Molded stairs also lead down to the 57-square-foot aft cockpit, a grand retreat for a couple of folding chairs when the yacht is at rest and the owners want a private getaway for sunning, reading or, a little less privately, watching swimmers and divers using the 35-square-foot boarding platform. There are two shallow lockers with doors on the inside of the transom for shore-service hook-ups-including two 30 amp connectors, one of which is dedicated to the standard three-zone, 33,000 BTU air conditioner/heater-plus TV, telephone and water. Carver includes two 50-foot shorepower cords as part of the package, plus a 7.3 kW gasoline genset (an 8 kW Kohler is available for boats with diesel power) to keep your systems live no matter where you’re boating.

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One of the best features of this new design is the private, screened sliding door leading into the master cabin aft. Even with guests or children in the forward stateroom, and perhaps another one or two in the saloon, sleeping on the Flexsteel foldout bed/settee, you can get up early to explore or find coffee and breakfast ashore, or stay up late to enjoy a starlit anchorage, without rousing or disturbing anybody.

Solitude is golden. And if you’re keeping to a schedule, such an arrangement also means you can slip up to the flying bridge and get an early start, letting the crew snooze a little longer. This boat is set up so that it can easily be operated by one person or-more enjoyably-a couple. And the performance is stellar, particularly with the optional 370 hp Volvo D6 inboards on our test boat. Factory figures show an approximate fuel burn of 28 gph at a cruise speed of 22 knots, giving a range of roughly 254 nautical miles and 11.5 hours of running time, with a 10 percent reserve, before refueling. At a top speed of 26 knots, the burn rate increases to 41 gph, and the range, with the same reserve, is slightly less at 205 nautical miles, with a running time of 8.1 hours.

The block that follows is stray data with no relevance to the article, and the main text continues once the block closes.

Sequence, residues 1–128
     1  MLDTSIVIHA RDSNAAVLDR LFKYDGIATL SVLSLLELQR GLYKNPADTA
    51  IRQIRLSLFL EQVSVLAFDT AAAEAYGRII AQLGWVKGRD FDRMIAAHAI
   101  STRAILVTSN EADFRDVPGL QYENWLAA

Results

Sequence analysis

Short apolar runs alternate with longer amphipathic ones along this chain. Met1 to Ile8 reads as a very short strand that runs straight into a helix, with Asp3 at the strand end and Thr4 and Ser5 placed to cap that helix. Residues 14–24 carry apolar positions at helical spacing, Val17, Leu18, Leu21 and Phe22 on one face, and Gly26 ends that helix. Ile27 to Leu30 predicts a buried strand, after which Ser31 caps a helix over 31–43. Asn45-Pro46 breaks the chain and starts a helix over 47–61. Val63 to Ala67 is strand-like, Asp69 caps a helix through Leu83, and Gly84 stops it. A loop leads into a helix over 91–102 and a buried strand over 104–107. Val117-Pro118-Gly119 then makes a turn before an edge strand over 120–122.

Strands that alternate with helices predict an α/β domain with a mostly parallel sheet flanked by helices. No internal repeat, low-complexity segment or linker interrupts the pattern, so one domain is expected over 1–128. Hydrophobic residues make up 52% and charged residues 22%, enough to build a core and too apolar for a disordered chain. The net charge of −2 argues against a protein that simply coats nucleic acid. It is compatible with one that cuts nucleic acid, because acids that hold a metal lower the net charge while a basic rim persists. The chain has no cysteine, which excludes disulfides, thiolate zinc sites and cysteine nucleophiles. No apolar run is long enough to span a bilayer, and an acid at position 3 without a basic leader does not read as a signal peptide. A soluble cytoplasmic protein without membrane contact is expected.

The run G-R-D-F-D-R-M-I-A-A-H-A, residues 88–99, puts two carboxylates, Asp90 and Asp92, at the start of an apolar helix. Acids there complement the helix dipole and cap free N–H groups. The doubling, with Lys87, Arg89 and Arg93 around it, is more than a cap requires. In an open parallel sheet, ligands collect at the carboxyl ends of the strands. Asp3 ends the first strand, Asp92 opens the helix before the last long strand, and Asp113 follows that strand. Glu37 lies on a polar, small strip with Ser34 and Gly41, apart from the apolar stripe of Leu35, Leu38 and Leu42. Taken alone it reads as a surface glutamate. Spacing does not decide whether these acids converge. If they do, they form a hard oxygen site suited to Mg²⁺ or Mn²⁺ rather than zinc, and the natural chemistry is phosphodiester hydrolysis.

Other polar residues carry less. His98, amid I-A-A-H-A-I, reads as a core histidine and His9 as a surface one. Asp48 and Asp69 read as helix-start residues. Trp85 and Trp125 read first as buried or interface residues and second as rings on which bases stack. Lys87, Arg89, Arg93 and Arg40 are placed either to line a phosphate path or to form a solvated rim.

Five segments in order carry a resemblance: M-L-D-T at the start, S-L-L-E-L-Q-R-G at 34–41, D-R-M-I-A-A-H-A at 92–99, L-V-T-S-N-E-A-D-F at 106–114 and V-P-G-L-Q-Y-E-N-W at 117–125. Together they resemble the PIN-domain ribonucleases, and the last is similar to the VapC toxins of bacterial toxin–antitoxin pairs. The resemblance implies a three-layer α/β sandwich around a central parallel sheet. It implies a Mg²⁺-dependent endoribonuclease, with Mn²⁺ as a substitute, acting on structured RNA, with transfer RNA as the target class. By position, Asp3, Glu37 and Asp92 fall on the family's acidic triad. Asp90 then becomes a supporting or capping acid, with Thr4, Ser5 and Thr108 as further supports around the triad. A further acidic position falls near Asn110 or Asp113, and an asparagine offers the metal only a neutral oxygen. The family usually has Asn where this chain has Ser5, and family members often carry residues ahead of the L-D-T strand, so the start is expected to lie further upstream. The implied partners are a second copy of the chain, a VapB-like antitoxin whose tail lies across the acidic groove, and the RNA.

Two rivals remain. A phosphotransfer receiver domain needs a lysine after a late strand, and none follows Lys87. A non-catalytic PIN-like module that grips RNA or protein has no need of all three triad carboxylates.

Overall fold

Handling the 41 CMY is straightforward, exactly the kind of consistent, confidence-building ride I’ve come to expect from Carver’s designs. Hydraulic steering is a real arm saver, and large flush-mount trim tabs make balancing the boat easy in a crosswind. You won’t need them most of the time, however, as this modified-V hull comes up onto plane in 12 to 13 seconds with this engine package and makes quick work of wind chop and wakes. I was impressed not only with the low-speed maneuverability afforded by the large, four-bladed props, but also with the optional bow thruster that kicked the nose quickly and positively to one side or the other to simplify docking.